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Matthew Lickona: I can't help but notice that all of the screenwriters — Roberto Oci, Alex Kurtzman, and Damon Lindelof - also have producer credits, along with director J.J. Abrams. Could you talk about what being a producer meant for you and what it meant for them, and the dynamics involved?

Bryan Burk: Our roles are different, but there's a lot of overlap. Alex, Bob, and Damon are writers, and I can barely read - right off the bat, that's a huge distinction. And J.J. is a writer-director. They can all sit down and create something out of nothing. But all five of us have a good relationship as far as banter and throwing ideas around. With Star Trek, we have a wide range of feelings as to what it is. At one end, Bob Orsi - and Damon right behind him - know this world like the back of their hands. And at the other end of the spectrum is myself. I was not a Star Trek fan growing up; I'm the voice of people who are not Star Trek fans. So as ideas are coming out, I'll raise my hand and say, "I don't know what you guys are talking about." Then they'll explain it in layman's terms, and that in turn will be the direction that it goes in the script, because they want the movie to appeal to everybody. We want to open it up, make it be for people who say, "There's no way I'm going to see a Star Trek movie. I've seen Star Trek before; it's not for me." Of course, on occasion, they'll be writing and laughing in a corner, and I'll say, "I don't understand," and they'll say, "It's not for you."

ML: That's always a tricky balance with an established franchise: pleasing the fanbase while finding a way to lure new viewers.

BB: I reference the first Iron Man a lot as an example. Everyone forgets that, before Iron Man, there were a zillion comic book movies that were not enormous successes. Iron Man felt to me like it was going to be another one of those. I didn't know anything about the character - I knew Spider Man, I knew Superman, I knew Batman. Iron Man was just another character in a universe of God knows how many. If I were a betting man, I would have bet that there was no way I was going to like it, but I was pleasantly surprised. It was not what I was expecting. It was emotional, it was funny, it was exciting. Robert Downey, Jr. was an 11 out of 10. There was stuff from the lore of Iron Man that I didn't understand, but it was everything I love in a movie. That's our intention with Star Trek.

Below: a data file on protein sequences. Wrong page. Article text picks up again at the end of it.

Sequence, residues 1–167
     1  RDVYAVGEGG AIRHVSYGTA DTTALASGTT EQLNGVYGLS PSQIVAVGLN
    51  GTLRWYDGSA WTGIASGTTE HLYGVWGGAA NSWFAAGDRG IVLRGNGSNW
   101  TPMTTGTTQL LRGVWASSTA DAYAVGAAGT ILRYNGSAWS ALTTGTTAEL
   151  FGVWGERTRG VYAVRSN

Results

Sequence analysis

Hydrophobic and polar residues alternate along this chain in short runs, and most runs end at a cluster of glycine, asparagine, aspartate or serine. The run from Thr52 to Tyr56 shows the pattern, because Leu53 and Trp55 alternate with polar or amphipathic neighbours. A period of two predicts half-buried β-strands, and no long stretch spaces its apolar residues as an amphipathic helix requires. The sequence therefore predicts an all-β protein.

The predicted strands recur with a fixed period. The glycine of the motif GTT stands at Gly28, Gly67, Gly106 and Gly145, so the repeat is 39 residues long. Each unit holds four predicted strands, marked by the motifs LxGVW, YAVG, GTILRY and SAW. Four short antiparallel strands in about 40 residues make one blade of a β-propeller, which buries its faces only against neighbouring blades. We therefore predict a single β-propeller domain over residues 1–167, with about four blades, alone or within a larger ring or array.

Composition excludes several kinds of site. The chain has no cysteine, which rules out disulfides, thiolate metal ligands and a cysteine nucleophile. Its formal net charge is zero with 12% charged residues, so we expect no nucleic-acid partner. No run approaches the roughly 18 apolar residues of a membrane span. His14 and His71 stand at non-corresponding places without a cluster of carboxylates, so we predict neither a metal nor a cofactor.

ML: I want to ask about nostalgia. You co-founded Bad Robot Productions with J.J. Abrams, and you produced Super 8, which Abrams directed. Certainly, that film played heavily on the nostalgia that a lot of people my age had for Steven Spielberg's E.T.. You also produced Abrams' Star Trek, which echoed aspects of Star Trek: The Wrath of Khan and Star Trek: The Voyage Home. Now you're both returning to Star Trek, and of course, Bad Robot is slated to take on Star Wars. So: nostalgia is incredibly powerful, but it's easy to screw it up. It's easy, I think, to make people feel manipulated, and to make them mad. Since Bad Robot is making nostalgia-mining sort of a trademark, I was wondering if you could talk about how to do it right.

BB: It's interesting - I'm trying to think of an answer, because, speaking for myself at least, I'm not doing it consciously. Everything starts from a place of remembering the kind of visceral experience we got when we saw movies that got us excited. The plan is not to emulate - it's just that often, you find yourself having overlap when you try to capture the feelings that you had during those movies that you saw, particularly during childhood. There are those great movies that you see, and it's a very singular experience. I can remember where I was sitting in the theater for certain films. It's a lot of trying to dissect those moments, why they worked. The jumping off point is, 'Why do I care about this character?' I'm not looking at it as nostalgia. Or it's only in retrospect that I'm looking at nostalgia. At the time, it's just what's ingrained in everything I think and everything that inspires me.

ML: Last one: I'm not giving anything away when I say that Star Trek Into Darkness involves The Enemy Within. The bad guy is right there in the heart of Starfleet. It reminded me of Skyfall, in which the bad guy is a rogue MI6 agent. Couple that with Iron Man 3, which involves - NOT QUITE SPOILER ALERT - some similar elements, and you've got "three's a trend." Any comment on that?

BB: That's probably a better question for the writers. But I think it's obvious that your heroes are only as good as your villains. As we started talking about this character, he became even more insidious because he was coming from inside. Then, when we cast Benedict Cumberbatch, he became not only a formidable enemy to Kirk, but significantly smarter and more ruthless. He became the kind of villain that we love in the movies we see.

Endnote: I thought they did a good job!

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